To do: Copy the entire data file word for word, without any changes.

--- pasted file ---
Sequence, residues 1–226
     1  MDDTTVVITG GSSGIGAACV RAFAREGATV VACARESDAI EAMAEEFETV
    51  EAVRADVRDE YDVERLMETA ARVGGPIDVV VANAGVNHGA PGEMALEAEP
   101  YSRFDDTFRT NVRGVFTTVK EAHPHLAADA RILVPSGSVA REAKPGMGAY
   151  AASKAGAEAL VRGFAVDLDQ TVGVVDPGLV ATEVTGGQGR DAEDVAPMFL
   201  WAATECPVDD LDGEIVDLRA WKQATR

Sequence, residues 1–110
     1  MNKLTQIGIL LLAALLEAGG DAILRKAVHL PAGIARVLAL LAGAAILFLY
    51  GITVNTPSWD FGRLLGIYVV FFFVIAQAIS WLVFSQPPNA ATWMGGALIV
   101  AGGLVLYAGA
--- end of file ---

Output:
Sequence, residues 1–226
     1  MDDTTVVITG GSSGIGAACV RAFAREGATV VACARESDAI EAMAEEFETV
    51  EAVRADVRDE YDVERLMETA ARVGGPIDVV VANAGVNHGA PGEMALEAEP
   101  YSRFDDTFRT NVRGVFTTVK EAHPHLAADA RILVPSGSVA REAKPGMGAY
   151  AASKAGAEAL VRGFAVDLDQ TVGVVDPGLV ATEVTGGQGR DAEDVAPMFL
   201  WAATECPVDD LDGEIVDLRA WKQATR

Sequence, residues 1–110
     1  MNKLTQIGIL LLAALLEAGG DAILRKAVHL PAGIARVLAL LAGAAILFLY
    51  GITVNTPSWD FGRLLGIYVV FFFVIAQAIS WLVFSQPPNA ATWMGGALIV
   101  AGGLVLYAGA